July 28, 2008
High Arsenic Levels Found in Ringwood
By MARY JO LAYTON, STAFF WRITER
New tests reveal elevated levels of arsenic up to six times the safety standard at the Upper Ringwood Superfund site, a finding that has renewed debate over just how toxic the area is despite five federally supervised cleanups.
Arsenic can cause lung cancer and skin disorders, the kinds of illnesses residents have been complaining about for years.
Jon Holt, a spokesman for the Ford Motor Co., which is responsible for cleaning up the site, said the arsenic is "not an immediate threat" to the health of residents.
"Arsenic is not leaching into soils, surface waters, sediments or ground waters," concluded the engineering firm Arcadis in its work for Ford.
The soil samples were taken in the area of Peters Mine, part of the 500-acre tract Ford once used as a dumping ground.
The new findings are of concern to environmentalists because they have long feared the waste in the mountain's old iron mines poses a potential threat to the region's water supply. Vast quantities of water are underground in the labyrinth of mines, which are contaminated with industrial trash and waste paint that Ford dumped 40 years ago from its now-defunct Mahwah plant. The area is in the Highlands, a region that provides water for 5.4 million people.
"The toxic waste in the mine shaft is like a big Q-Tip that can leach into groundwater," said Robert Spiegel, executive director of Edison Wetlands Association, an environmental group.
Arcadis, however, maintains the Wanaque Reservoir has not been affected.
Holt said Arcadis determined that the arsenic was left behind from mine tailings the crushed particles that remain after minerals are harvested from rock and not from paint sludge. Iron ore was harvested from the mountain for nearly 200 years before the mines closed in the 1950s.
But residents and some environmentalists suspect the arsenic contamination is the result of the tons of paint sludge dumped in the area. Over the years, the sludge was tested by multiple sources and found to have levels of arsenic that exceeded safety standards.
"Their own study results revealed that the arsenic from the mine tailings is stable and isn't leaching into the environment," Spiegel said. "So how did it get there? When every test of sludge has revealed elevated levels of arsenic, common sense says the arsenic is the result of the paint sludge."
The Environmental Protection Agency is reviewing the findings from samples taken from sites at Peters Mine, Cannon Mine and the O'Connor dump site. More than 35,000 tons of toxic waste have been removed from the site since 2004.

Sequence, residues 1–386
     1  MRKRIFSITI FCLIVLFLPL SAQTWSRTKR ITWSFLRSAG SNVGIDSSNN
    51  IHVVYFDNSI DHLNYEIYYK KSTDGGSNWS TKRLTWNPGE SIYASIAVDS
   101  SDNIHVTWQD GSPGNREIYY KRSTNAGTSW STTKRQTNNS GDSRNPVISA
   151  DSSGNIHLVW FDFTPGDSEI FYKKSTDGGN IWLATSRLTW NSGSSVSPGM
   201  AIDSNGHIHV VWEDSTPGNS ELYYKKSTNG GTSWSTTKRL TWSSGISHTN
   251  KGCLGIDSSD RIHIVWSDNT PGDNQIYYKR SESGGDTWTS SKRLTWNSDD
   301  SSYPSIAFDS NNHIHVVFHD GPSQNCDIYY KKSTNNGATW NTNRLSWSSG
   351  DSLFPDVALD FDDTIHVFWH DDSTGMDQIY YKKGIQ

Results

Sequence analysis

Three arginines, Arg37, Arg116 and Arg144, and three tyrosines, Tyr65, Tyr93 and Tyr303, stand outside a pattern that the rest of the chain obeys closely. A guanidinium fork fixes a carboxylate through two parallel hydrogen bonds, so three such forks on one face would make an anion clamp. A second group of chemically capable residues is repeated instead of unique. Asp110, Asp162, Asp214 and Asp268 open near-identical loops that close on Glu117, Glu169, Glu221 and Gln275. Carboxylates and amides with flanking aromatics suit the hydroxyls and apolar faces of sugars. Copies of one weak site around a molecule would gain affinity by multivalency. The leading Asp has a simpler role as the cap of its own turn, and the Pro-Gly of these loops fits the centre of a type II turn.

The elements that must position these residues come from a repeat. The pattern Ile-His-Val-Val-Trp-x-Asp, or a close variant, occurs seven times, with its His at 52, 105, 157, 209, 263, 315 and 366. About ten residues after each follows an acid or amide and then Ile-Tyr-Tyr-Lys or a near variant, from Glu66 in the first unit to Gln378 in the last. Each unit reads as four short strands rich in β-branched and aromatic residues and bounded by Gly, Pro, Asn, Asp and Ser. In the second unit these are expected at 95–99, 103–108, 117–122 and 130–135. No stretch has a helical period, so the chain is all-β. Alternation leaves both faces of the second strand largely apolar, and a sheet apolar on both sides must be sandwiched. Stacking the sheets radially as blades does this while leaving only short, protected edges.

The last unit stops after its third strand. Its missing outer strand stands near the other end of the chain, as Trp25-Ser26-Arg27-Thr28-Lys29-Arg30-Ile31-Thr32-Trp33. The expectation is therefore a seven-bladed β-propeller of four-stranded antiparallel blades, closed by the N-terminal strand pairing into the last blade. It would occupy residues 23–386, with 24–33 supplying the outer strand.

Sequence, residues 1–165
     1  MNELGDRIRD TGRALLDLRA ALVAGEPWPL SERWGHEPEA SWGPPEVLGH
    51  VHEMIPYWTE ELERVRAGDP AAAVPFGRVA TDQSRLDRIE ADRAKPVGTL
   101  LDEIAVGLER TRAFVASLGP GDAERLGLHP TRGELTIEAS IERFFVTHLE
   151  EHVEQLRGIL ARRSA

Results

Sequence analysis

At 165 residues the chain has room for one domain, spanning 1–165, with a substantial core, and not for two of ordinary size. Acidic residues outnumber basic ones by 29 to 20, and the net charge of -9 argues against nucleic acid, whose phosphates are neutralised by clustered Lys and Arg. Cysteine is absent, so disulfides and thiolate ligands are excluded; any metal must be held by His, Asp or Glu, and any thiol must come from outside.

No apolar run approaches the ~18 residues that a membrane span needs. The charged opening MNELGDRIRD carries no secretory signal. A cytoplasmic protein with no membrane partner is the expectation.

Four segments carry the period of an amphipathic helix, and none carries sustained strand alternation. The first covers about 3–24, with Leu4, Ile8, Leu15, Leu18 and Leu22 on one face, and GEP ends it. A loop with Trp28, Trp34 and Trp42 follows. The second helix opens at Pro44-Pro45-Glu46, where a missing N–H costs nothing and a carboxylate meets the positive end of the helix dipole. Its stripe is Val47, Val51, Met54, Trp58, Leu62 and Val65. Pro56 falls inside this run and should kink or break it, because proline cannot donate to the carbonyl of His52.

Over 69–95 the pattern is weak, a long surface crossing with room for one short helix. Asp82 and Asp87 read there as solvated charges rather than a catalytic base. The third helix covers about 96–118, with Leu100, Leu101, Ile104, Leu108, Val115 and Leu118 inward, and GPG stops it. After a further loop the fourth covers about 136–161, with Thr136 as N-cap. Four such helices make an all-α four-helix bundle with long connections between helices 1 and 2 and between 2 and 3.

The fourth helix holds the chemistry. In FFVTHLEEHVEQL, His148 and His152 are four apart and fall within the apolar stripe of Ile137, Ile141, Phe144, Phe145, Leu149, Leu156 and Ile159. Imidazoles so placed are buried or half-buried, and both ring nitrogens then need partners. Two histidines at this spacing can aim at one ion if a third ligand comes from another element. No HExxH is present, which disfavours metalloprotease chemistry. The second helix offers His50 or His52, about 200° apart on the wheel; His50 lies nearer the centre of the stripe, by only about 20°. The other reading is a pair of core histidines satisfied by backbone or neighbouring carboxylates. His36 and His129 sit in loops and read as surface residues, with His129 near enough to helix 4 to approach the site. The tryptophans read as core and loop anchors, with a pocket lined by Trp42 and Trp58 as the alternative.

"We have to do testing and sampling and figure out what's the scope of contamination," said Beth Totman, an EPA spokeswoman.
Arsenic in the soil samples ranged from 20 to 62 parts per million up to three times the safety standard, Holt said. One sample revealed an arsenic reading of 114 parts per millions, six times the safety standard.
The samples were taken from areas that had been mine-tailing disposal sites and paint sludge was later dumped on top of that, Holt said. "It wasn't a pristine site," he said.
In tests of sludge in the area, "we did not find arsenic in the paint sludge of any great quantities," Holt said. This is why Ford believes the arsenic is from mine tailings.
Yet, tests of paint sludge conducted by The Record in 2005 found arsenic levels at nine times the level considered safe. Lead, chromium, antimony a silvery white metal that can cause heart and lung problems and volatile organic compounds like xylenes and ethylbenzene also have been found.
Wayne Mann, a resident, said he is worried the EPA will rely on Ford's findings rather than conduct independent testing.
"It's a major concern," he said. "It's beyond frustrating. The EPA went by Ford's word from the beginning and they haven't learned anything from that."
Years ago, the EPA declared the site clean based on Ford's representations even while paint sludge was still visible on the site. Ford was later forced to return to continue the cleanup.
A cleanup of the industrial waste in the mines would be an enormous if not impossible challenge. Peters Mine is 2,000 feet deep and has 17 levels. Groundwater runs under it, making it impossible to dry out.
Holt said it's unlikely that industrial waste or paint sludge fell deep into the bulk of the mine because they were capped in 1965.
"Nothing went down those shafts," Holt said. "They were closed off in 1965." Prior tests conducted by Ford's engineers of water 200 to 300 feet down the shaft of Peters Mine found no problems, Holt said.
But residents and environmentalists say it's unclear how effectively those openings were capped. They said wooden pallets, copper wire, carburetors, cardboard and sludge were stuffed into the mines.
The EPA has begun fencing off the area around the O'Connor dump site. By August, Totman said, fences will also be erected around Peters Mine and Cannon Mine to keep people out of the area.
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